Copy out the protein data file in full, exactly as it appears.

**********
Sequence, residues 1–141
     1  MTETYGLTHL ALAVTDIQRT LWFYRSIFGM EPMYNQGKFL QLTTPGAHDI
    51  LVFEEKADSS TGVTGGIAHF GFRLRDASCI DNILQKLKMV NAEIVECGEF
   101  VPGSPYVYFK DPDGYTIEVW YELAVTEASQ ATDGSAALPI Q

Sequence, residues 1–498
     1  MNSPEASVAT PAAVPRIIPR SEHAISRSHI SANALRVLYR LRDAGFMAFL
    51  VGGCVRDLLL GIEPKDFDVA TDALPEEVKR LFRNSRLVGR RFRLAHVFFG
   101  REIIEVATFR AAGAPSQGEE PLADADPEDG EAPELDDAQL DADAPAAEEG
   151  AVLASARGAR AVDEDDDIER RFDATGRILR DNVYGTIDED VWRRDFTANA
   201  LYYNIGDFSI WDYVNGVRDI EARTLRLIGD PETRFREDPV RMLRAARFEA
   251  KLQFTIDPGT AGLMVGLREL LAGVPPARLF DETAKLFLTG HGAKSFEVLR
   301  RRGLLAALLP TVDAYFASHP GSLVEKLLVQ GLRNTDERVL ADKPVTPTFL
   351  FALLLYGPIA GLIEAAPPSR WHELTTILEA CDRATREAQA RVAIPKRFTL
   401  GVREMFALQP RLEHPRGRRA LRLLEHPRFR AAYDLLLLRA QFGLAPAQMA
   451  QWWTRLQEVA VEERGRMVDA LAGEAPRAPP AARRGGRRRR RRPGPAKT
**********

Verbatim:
Sequence, residues 1–141
     1  MTETYGLTHL ALAVTDIQRT LWFYRSIFGM EPMYNQGKFL QLTTPGAHDI
    51  LVFEEKADSS TGVTGGIAHF GFRLRDASCI DNILQKLKMV NAEIVECGEF
   101  VPGSPYVYFK DPDGYTIEVW YELAVTEASQ ATDGSAALPI Q

Sequence, residues 1–498
     1  MNSPEASVAT PAAVPRIIPR SEHAISRSHI SANALRVLYR LRDAGFMAFL
    51  VGGCVRDLLL GIEPKDFDVA TDALPEEVKR LFRNSRLVGR RFRLAHVFFG
   101  REIIEVATFR AAGAPSQGEE PLADADPEDG EAPELDDAQL DADAPAAEEG
   151  AVLASARGAR AVDEDDDIER RFDATGRILR DNVYGTIDED VWRRDFTANA
   201  LYYNIGDFSI WDYVNGVRDI EARTLRLIGD PETRFREDPV RMLRAARFEA
   251  KLQFTIDPGT AGLMVGLREL LAGVPPARLF DETAKLFLTG HGAKSFEVLR
   301  RRGLLAALLP TVDAYFASHP GSLVEKLLVQ GLRNTDERVL ADKPVTPTFL
   351  FALLLYGPIA GLIEAAPPSR WHELTTILEA CDRATREAQA RVAIPKRFTL
   401  GVREMFALQP RLEHPRGRRA LRLLEHPRFR AAYDLLLLRA QFGLAPAQMA
   451  QWWTRLQEVA VEERGRMVDA LAGEAPRAPP AARRGGRRRR RRPGPAKT